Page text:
Delaware State University and the University of Delaware have received a $10.5 million federal grant to conduct cutting-edge scientific research on brain development and the neurobiology of learning.
DSU and UD officials along with the First State's entire Congressional contingent celebrated the Center of Biomedical Research Excellence grant from the National Institutes of Health at a Monday morning press conference in the university's Martin Luther King Jr. Student Center. The grant from the NIH, a unit of the U.S. Department of Health and Human Services, would fund the creation of the Delaware Center for Neuroscience Research, a joint endeavor by DSU and UD.
Delaware State University President Dr. Harry Williams said DSU would receive $7.3 million while "our friends at UD" would get almost $3.2 million over five years, under terms of the federal grant. He said this was the largest research grant DSU had ever received, garnering applause from the crowd on the second floor of the student center.
DSU Professor Of Biological Science Dr. Melissa Harrington was the principal investigator of the research grant. Harrington, the wife of State Sen. Colin Bonini (R-Camden-Wyoming), gave credit to UD Professor of Psychology Dr. Jeff Rosen and a slew of others for their help in procuring the grant.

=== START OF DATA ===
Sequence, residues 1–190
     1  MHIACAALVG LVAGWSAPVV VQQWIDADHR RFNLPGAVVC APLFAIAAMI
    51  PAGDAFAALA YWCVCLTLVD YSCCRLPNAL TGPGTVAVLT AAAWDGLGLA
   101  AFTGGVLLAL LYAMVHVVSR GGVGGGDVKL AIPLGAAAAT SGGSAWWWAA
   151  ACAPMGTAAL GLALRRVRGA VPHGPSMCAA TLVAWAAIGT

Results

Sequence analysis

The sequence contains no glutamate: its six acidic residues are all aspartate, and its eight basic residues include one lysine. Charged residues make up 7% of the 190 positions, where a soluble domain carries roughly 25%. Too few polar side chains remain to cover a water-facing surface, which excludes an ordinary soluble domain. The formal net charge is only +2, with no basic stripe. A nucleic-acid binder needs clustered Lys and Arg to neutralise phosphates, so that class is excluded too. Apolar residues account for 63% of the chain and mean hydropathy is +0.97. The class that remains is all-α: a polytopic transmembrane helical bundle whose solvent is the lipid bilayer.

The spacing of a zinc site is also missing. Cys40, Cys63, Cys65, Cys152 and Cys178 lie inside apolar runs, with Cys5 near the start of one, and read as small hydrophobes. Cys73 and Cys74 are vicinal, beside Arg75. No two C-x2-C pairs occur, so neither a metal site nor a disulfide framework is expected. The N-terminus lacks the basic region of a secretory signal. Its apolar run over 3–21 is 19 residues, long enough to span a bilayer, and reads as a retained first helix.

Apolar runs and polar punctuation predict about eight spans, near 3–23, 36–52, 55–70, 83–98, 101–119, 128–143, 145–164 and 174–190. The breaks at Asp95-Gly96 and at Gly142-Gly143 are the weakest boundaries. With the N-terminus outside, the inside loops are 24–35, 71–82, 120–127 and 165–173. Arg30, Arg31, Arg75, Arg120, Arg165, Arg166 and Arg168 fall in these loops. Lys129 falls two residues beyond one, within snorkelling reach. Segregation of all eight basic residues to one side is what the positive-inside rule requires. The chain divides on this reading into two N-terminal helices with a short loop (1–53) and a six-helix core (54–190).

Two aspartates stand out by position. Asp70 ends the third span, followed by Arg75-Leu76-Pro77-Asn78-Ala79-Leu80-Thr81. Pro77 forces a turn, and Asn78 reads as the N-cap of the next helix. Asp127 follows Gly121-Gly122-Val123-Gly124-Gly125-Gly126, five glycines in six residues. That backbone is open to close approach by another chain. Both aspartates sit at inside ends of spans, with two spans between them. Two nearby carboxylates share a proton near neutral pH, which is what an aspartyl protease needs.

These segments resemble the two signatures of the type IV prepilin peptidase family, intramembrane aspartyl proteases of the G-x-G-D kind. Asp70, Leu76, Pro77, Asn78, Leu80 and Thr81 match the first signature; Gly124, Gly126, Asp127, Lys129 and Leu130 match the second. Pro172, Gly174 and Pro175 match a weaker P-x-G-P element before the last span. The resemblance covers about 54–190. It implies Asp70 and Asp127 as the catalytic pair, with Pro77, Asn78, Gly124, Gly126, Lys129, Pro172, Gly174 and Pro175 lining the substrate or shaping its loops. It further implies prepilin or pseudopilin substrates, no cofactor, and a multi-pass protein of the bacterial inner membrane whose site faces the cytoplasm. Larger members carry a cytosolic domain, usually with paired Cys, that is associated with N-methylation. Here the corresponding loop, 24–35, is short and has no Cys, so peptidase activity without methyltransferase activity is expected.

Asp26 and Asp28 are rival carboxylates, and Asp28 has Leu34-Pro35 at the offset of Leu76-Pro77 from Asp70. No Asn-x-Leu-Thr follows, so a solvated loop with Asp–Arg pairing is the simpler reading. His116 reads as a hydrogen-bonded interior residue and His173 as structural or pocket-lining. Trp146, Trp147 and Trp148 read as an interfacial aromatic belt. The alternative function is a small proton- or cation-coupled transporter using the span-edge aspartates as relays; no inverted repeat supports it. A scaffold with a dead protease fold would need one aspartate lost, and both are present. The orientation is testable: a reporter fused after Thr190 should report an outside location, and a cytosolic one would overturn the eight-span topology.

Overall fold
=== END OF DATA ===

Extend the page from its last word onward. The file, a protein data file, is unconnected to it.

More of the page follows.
U.S. Sen. Tom Carper (D-Del.) hailed the grant as clear evidence of how long Delaware State University had come from the days of yore, when not many Delaware students wanted to attend DSU, to today's status as a land grant university that both in-state and out-of-state students sought out. He pointed to the Lake Forest High School students he met with as part of the state's pilot "College Application Week" prior to visiting DSU as evidence.
Several of those students told Carper and U.S. Rep. John Carney (D-Del.) that Delaware State University was on their list of colleges receiving an application from them on the first day of the pilot.
U.S. Sen. Chris Coons (D-Del.), whose agenda in Congress includes a push for more made in America companies, said the grant was an important investment in America's economic security.
Harrington, the DSU professor, said there was a big benefit to bringing researchers together to share information and equipment and to learn from each other as a result. That included a course exchange program that would allow neuroscience graduate students at each university to take exchange classes at each university tuition free.
But DSU's Neuroscience Ph.D. program would have a biological focus while the neuroscience Ph.D. program at UD would be in the Department of Psychology, Harrington said.
"It benefits students of both universities to be able to draw on the specialized expertise available at each institution," she said. "We don't compete; we complement."